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Chapter Forty Six

(POV: Sarah)




"Up here."


Sarah paused and looked up into trees. Porter was sitting up in the topmost branches of an old oak, his legs dangling over the side of sturdy branch. The sight was enough to make the sphinx dizzy.


"What are you doing up there?" she asked.


"Just thinking," he answered. "Want me to come down?"


Sarah thought for a moment, and then shook her head. "No, I'll join you. Hold on."


Tensing her muscles, Sarah jumped and grabbed the lowest hanging branch, scrabbling with her back paws to pull herself up. She did this again and again, with Porter watching with concern from above, until she finally reached him. Panting from exertion, she spread her wings to help her balance and then laid down, resting her head on Porter's lap.


"I thought cats were supposed to be good at climbing trees," he said, reaching down to scratch her back right between her wings.


"I've merely been investing my talents in other areas," she replied, turning her nose up playfully. She purred and arched her back into his hand.


"Why didn't you just fly up?"


Sarah glanced back at her wings. "Didn't I tell you? A sphinx's wings don't fully develop until they're eighteen years old."


"Hm," Porter grunted. "I don't think you've mentioned that."


"Really?" Sarah gave a big catlike yawn. "Could have sworn I did."


"Are you going to be able to get down again?"


Sarah gave him a haughty look. "Excuse me? Being a gentleman, I expect you to carry me down!"


Porter raised his eyebrow at her, and then burst out laughing.


"Whatever her majesty wishes," he said.


"That's more like it." Leaning up a little, Sarah kissed him. It was another cold day outside, but whenever their lips met Sarah could have sworn it turned to summer.


They sat in silence for a few minutes, looking out over the forest. Behind them, a thin column of smoke rose from the chimney of Droma's invisible cabin. The party had decided to retreat there after escaping from Mortoph, figuring that its cloaking spell would make it as safe a place as any to hide.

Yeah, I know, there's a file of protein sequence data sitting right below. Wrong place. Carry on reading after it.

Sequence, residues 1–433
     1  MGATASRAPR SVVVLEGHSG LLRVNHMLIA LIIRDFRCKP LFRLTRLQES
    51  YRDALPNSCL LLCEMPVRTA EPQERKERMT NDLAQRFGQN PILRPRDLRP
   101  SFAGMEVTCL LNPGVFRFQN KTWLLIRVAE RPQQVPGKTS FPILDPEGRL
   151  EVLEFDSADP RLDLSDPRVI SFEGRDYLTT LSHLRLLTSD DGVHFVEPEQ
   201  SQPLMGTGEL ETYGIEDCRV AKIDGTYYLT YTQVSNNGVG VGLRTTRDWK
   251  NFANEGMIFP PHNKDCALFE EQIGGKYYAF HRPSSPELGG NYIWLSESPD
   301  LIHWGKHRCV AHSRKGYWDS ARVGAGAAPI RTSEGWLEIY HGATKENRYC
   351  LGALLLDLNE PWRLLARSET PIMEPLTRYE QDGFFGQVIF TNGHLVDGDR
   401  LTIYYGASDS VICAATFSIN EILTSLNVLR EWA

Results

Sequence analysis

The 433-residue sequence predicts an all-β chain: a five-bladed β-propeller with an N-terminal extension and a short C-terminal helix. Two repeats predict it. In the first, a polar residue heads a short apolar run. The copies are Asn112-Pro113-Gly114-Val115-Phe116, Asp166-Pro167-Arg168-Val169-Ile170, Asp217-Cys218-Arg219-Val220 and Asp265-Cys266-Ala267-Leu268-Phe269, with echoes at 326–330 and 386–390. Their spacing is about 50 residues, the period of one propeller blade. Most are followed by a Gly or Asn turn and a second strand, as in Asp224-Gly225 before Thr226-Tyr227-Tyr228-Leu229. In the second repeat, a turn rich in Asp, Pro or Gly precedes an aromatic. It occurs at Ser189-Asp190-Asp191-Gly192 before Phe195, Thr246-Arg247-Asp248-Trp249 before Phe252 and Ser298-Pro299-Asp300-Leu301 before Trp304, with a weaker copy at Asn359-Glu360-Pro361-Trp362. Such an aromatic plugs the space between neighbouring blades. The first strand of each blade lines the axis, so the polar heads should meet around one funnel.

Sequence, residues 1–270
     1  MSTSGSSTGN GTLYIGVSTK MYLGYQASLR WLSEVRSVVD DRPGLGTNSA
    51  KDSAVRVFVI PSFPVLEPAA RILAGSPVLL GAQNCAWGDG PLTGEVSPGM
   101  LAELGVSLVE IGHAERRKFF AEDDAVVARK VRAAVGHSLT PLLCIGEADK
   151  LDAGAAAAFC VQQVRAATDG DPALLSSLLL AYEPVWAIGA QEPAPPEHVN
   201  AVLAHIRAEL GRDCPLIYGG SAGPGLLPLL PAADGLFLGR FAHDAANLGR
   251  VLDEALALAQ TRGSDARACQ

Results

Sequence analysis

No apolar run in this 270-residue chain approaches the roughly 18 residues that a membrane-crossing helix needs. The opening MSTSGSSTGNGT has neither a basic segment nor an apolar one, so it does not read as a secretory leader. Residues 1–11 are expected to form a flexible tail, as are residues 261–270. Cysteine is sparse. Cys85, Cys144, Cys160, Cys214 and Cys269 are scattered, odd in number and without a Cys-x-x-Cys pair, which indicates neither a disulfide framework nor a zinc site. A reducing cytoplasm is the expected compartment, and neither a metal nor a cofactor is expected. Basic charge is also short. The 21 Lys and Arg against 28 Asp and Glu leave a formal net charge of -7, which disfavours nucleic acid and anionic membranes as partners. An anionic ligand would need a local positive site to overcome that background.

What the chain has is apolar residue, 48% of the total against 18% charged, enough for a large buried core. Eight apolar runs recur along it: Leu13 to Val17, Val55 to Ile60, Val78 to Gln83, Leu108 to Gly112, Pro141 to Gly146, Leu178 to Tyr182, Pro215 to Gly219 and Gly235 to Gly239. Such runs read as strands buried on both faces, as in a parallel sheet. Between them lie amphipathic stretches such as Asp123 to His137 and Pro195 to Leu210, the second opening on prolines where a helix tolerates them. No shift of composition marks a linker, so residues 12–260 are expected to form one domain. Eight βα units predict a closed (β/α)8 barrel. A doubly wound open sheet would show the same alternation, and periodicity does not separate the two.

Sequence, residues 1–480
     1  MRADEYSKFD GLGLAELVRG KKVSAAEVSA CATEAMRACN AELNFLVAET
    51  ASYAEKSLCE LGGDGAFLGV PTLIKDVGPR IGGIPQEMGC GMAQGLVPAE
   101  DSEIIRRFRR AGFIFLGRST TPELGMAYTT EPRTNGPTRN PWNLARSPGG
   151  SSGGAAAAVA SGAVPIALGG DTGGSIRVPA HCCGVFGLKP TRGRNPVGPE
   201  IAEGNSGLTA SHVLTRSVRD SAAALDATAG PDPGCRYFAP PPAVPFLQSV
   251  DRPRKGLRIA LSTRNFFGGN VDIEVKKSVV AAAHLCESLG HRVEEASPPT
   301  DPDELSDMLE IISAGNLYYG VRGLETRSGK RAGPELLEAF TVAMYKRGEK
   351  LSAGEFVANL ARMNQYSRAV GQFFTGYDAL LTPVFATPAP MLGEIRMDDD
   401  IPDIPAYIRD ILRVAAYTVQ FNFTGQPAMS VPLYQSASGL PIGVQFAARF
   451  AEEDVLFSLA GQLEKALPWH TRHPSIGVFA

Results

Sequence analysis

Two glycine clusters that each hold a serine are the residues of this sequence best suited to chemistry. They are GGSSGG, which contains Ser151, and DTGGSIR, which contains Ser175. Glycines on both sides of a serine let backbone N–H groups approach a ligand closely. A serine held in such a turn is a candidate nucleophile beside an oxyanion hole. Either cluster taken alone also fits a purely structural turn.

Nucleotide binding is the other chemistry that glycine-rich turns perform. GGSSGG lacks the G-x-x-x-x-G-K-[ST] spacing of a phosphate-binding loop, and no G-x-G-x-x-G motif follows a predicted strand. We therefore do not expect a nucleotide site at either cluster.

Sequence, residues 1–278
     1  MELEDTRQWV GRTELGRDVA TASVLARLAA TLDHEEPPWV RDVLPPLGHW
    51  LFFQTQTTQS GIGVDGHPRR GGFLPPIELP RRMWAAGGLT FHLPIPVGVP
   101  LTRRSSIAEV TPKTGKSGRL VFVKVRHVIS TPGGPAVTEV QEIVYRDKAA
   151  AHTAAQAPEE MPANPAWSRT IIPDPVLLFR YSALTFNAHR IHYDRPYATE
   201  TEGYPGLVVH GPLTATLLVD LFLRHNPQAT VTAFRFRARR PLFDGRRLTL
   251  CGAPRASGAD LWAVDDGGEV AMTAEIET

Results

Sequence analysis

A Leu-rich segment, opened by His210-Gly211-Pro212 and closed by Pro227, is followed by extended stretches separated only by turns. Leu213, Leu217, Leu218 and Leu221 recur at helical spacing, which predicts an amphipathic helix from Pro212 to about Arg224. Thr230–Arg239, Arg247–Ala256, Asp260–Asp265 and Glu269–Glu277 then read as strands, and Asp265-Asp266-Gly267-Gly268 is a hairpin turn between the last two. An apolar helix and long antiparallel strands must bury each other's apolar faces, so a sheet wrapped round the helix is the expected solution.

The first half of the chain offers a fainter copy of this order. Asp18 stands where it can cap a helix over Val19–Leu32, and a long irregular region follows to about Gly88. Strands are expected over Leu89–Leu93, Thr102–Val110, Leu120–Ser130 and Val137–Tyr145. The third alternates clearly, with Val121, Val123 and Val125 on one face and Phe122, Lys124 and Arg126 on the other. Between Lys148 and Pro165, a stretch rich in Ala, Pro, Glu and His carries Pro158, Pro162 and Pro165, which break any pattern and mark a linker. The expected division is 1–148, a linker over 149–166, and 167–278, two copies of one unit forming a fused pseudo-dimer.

That had been a week ago.


"So, what did you come up here to think about?" Sarah asked, breaking the silence.


Porter sighed. "Do you really need to ask?"


A pit formed in Sarah's stomach, and she shook her head. "No, I guess not."


"It's crazy," Porter muttered. "They think we're going to end the war."


The sphinx shivered, not from the cold, and moved to cuddle up even closer to Porter. The revelation had shocked her every bit as much as it had him, even more so when she found out Lowatai had died to give it to him.


"What do we do?" she whispered.


"I don't know, but... well, we have to at least try, don't we?"


"Do we, though?" Sarah finally got up, sitting on her haunches to look at him. "We're together again. That's what's important. You've already done enough. Why do we have to jump right back into the middle of the fighting?"


Porter met her eyes, and she could see the indecision in them. He didn't want to fight any more than she did, and yet...


"Because it's the right thing to do," he answered at last.


Sarah shook her head. "This isn't as black and white as you think, Porter. If Rayalga's really building an army, nobody would blame us for getting out of his way."


Porter didn't answer immediately. Instead, he summoned Flicker and began idly chopping at the twigs in front of him. Watching him, Sarah was reminded of the time, just a few weeks ago, when the sight of him holding a sword would have made her run for the hills. Now, she never felt safer than when he had a weapon in hand. Amazing how drastically things could change in such a short amount of time.


You've done it once, her subconscious nagged at her. Why are you so afraid of trying again?


The answer was a simple one: because the stakes were so much higher this time. She wasn't playing with her own life here, or even just Porter's. The Arch-Mythic was planning on waging war against all of humanity, if Lowatai was to believed. By interfering, she and Porter could end up driving one of their races to extinction.


I wonder which side Porter would fight on? she thought. Not the Slayers', but would he choose to protect his own race against the Mythics?


And if he does, could I stand with him against my people?


"I think you're wrong," Porter finally said, breaking into her thoughts. "It really is black and white."


"What do you mean?"


"This isn't just about us anymore," he answered. "Remember what Lowatai said when she was reading our dice? You're supposed to be the peacemaker."


Sarah shook her head. "So what?"


"So, that means there has to be a way to do this without one side destroying the other."


"That's what war is, Porter."


Porter spread his hands. "Yes, I know that's what war is. But that's not what peace is."


"What are you saying? That the Mythics and the humans kiss and make up? Like, forget everything that's happened between them?"